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A Day in Washington D.C.

Being in Washington D.C. in 2018 you feel the turmoil on the streets. There are lively discussions between strangers about the country and it’s future. Very often between tourists from within America, many of them from conservative states, and mostly liberal and black locals. It’s a political town and one that tries to encapsulate the rich American history within walking distance. It feels like an open air museum sometimes, but there are different parts of the city of course. Like the American society itself DC is hard to grapple and can mean different things to different people. The city is interesting for sure and worth a visit.

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Azulejos of Portugal: 2019 Edition

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In 2015 I put up a series about Portuguese tile art on this website. The article is still one of the most clicked on here. A couple of years later I want to start the year with coming back to the topic and showing more of these magnificent Azulejos, as they are called. This time around though they are not as clean and shiny, they are more washed out, sprayed, beaten and even rusty. They tell stories of everyday life in Portugal, how nature blends in with them and how street artists use them as canvas.

Details of Portugal

This year again, as in 2017 before, I had the chance to visit one of the most picturesque countries in Europe and also my former home – Portugal. Most of the pictures I wanted to share with you from these particular two trips I did so already, you will find them here, here or here. However I did not share them all. There are some shots I didn’t yet put on the website. I combined them into the series below titled “Details of Portugal”.

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The Golden City

The “Golden City” of course is Prague, the capital of the Czech Republic or Czechia. It is one of the oldest cities in Central Europe and it was the most important metropolis in the region for many centuries. Prague was a multicultural city with Czech, German and Jewish populations living there and a tremendously rich place as well, being a cultural, political and economical hub in Europe. Because of that fact probably it was called golden, but also maybe because of the many golden tower roofs visible from afar or of the myths surrounding alchemists working in the city. There are plenty other legends about Prague of course, one well known is the story of the Golem, a monster who was said to live in the Jewish quarter. For sure though it can be said that over many centuries Prague accumulated an astounding assemble of architecture, reaching from medieval gothic buildings, to baroque and art noveau structures. No wonder the city is a living museum of European history today.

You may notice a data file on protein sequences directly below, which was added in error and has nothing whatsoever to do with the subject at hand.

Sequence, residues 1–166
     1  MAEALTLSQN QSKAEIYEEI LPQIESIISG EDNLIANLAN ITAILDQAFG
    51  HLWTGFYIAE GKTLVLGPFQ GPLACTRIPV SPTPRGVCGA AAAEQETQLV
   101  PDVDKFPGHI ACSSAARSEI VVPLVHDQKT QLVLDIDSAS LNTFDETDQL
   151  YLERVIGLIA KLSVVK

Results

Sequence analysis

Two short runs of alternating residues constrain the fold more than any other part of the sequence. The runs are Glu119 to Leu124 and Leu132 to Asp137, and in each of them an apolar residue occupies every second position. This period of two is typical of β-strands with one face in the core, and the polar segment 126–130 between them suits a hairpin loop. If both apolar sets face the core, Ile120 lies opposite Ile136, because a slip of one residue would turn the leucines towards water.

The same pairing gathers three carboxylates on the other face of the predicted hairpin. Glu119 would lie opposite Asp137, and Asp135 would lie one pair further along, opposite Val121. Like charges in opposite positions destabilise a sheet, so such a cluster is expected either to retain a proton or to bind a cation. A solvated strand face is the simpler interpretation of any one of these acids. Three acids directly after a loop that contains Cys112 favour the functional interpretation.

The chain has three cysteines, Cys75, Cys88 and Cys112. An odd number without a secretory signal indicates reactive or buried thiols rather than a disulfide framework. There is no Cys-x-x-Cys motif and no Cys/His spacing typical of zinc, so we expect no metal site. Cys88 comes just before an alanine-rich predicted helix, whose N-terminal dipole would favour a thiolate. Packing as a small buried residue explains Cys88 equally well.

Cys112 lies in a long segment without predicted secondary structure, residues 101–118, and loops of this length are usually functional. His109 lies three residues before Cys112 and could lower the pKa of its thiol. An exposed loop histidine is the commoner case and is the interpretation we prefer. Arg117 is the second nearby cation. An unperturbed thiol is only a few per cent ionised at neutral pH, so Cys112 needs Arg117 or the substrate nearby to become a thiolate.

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Chess Players in Union Square Park

In this personal post my friend Lukas shares his thoughts about his passion for chess and the current state of the game in connection to a recent visit we had in New York. The picture were shot in Union Square Park.

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Chess has seen better days. Maybe it’s an underestimation of the current standing of chess, but the societal impact and prevalence of chess seems to be lower than in the past decades. If one does not specifically look for them, there’s few people around to have a casual game or to chat about the latest tournament results.

There are, of course, reasons for this. In order for a sport to be enjoyed and appreciated by the masses, skill must be apparent to the layman. Everyone can clearly see the skill on display when a professional footballer scores a spectacular goal, shooting the ball right past the goalkeeper’s fingertips, with only inches to spare. Chess is a different matter. The hidden reasonings of a complicated chess move can only be appreciated by people of an at least somewhat similar level of skill.

I’ve always found it fitting to compare chess to a language. It can hardly be enjoyed by people who do not understand it. It demands continuous practice or your proficiency will fade. And, not least of all, it takes two fluent speakers to create a good conversation. I’ve had a mixed relationship with chess over the years. I’ve had my past with chess clubs and tournaments, but the drain on my personal time was too significant to stick to it over the years. Most of my friends do not play, and meeting those who do gets more difficult by the year, as lives change and responsibilities pile up. Then there is, of course, the internet. Nowadays, people who need their regular dose of chess generally retreat to online platforms. This might be extremely convenient – as one can play anywhere, anytime – but something is lost on the way.

On a recent trip to New York City, one of the most important things on my personal to-do list was to visit the local chess-playing community, famous for playing in the parks of Manhattan. When I finally found the time, the weather could not have been worse. The mild temperatures of the past week gave way to sporadic snow and a bone-chilling, uncomfortable cold. I was wondering whether I’d find anyone to play at all. Still, even in such harsh conditions, I found people standing in circles, playing, silently watching or engaged in light-hearted conversation. Not only did I get to play my games, I got much more than that.

As I was sitting there, at Union Square Park, in the heart of one of the most awe-inspiring cities of the world, sacrificing pawns, knights and queens alike, bantering and laughing with complete strangers, I was reminded once again: it’s a sad thing if you can’t share your passions with likeminded people.